In short order, we found ourselves atop the humble crown of The Sphinx – straddling the Continental Divide and border between BC and Alberta. While it may be the most stunted little knob in the Egypt Lakes area, it’s certainly not short on views. Looking to the north, there’s an absolutely incredible view of Scarab and Egypt Lakes with Greater Pharaoh towering behind. It was cool to look up the western side of the mountain and see the steep gully we’d made our way up just a few weeks prior. Beyond the Pharaoh Peaks, Mount Ball’s massive, ice-capped summit was easily recognizable.

To the east, Mt. Bourgeau, Mt. Brett and Pilot Mountain peeked out of the distance beyond the Pharaoh Creek Valley. On the south side of the summit, the unnamed peak that shares a ridgeline with The Sphinx towered above Talc Lake, with the 9,498-foot (2,895 m) Monarch rising just beyond. Along the northwest side of The Monarch, we could see a swath of matchstick trees, remnants of the 2017 Verdant Creek wildfire. The lightning-sparked fire burned nearly 45,000 acres (18,000 hectares) of spruce forest in Kootenay National Park in what was one of the worst wildfire seasons in British Columbia’s history.

Looking back toward the west, Mummy Lake and Scarab Peak were equally striking. While we didn’t get quite the panoramic look at all three lakes like we did atop Greater Pharaoh, the lighting for photos was much better from The Sphinx. Instead of shooting due south into harsh sunlight, the north- and west-facing views here afforded much better color on the vibrant, jewel-toned pools. It was just beautiful.

While we saw only about half a dozen people when we hiked Greater Pharaoh, Stephan and I saw absolutely no one on the trail to Scarab Lake or on top of The Sphinx. Given it’s diminutive size – 8,220 feet (2,500 m) versus 8,901-foot (2,713 m) Greater Pharaoh – we speculated that this may be a comparatively overlooked little peak.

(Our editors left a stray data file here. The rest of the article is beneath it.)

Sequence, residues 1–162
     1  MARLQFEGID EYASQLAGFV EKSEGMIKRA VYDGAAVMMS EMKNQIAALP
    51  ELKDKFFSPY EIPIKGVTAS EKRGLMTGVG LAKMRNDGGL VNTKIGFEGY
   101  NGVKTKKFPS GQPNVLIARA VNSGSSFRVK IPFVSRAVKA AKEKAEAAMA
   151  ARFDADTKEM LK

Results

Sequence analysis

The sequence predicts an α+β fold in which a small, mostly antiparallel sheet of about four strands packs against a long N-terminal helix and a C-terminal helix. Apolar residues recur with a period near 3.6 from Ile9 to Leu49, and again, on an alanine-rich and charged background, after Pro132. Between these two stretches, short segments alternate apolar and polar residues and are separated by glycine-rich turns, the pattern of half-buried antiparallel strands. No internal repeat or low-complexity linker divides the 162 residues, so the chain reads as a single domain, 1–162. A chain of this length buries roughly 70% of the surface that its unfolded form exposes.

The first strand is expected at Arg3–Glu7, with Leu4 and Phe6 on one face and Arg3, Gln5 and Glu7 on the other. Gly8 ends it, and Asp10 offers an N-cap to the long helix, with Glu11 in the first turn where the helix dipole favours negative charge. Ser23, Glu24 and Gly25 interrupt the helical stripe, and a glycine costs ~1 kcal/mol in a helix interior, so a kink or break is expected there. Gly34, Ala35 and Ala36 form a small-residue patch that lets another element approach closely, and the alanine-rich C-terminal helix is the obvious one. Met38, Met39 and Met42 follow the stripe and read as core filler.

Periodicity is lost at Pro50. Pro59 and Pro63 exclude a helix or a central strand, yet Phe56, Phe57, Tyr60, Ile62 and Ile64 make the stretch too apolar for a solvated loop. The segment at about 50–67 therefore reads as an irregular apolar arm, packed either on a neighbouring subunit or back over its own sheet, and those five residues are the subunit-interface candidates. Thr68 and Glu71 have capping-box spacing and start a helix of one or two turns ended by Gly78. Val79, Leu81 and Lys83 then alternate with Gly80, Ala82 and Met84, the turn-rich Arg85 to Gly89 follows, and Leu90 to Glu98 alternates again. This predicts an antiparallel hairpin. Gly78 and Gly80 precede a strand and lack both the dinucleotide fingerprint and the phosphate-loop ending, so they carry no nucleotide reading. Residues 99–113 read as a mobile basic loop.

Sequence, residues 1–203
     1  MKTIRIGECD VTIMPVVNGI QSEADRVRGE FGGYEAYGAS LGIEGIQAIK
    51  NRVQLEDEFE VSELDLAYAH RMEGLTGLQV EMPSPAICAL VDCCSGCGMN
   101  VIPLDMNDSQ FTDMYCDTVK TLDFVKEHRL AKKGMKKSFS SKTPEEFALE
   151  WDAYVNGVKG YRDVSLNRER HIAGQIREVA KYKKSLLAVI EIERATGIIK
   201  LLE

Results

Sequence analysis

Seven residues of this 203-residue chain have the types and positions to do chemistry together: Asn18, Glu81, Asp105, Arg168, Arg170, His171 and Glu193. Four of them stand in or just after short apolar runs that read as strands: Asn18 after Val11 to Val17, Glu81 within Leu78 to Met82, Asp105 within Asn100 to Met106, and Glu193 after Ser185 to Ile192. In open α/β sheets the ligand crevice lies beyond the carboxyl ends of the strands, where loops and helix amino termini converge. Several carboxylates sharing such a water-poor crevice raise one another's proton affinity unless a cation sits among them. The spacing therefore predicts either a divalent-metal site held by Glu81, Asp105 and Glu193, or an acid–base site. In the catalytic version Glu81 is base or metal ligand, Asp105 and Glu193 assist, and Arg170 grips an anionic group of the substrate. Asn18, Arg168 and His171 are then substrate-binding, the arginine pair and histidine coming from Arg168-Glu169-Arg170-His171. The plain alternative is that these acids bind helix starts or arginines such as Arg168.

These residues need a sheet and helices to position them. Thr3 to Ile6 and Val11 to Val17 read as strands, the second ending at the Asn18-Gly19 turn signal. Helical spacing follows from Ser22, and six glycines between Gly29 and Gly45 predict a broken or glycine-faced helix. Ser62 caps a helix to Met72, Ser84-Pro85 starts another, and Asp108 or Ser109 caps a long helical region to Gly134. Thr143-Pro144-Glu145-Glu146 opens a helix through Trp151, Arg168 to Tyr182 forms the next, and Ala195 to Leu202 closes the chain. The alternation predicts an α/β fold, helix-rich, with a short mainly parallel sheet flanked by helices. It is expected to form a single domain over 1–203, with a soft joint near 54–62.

Although The Sphinx is quite a bit shorter than Greater Pharaoh, the vertical gain from the trailhead at Sunshine Village is exactly the same due to the descent to Scarab Lake and then down to the gully on the southwest side of The Sphinx. We forgot to account for this loss when we first checked out the route. Consequently, our presumed 5,000-foot (1,520 m) gain day turned out to be 6,000 feet (1,830 m) – always a fun surprise when you get back to the car and check your Garmin, bewildered at why your time wasn’t significantly better.

Although the majority of this twenty-mile slog was an echo of our Greater Pharaoh outing just a few weeks prior, the trip out to The Sphinx instantly earned a spot on our list of favorite Banff hikes. The scenery in this part of the park is just so spectacular and, because of the distance required to get out here, seems to be meaningfully less trafficked. Although it requires quite a bit of stamina for a day hike, Stephan and I both agreed we’d come back again in a second. Hopefully someday in the not-too-distant future, we’ll make it back when the larches are at their golden peak.

Total distance:  20.5 miles (33 km)
Elevation gain:  5,992 feet (1,830 m)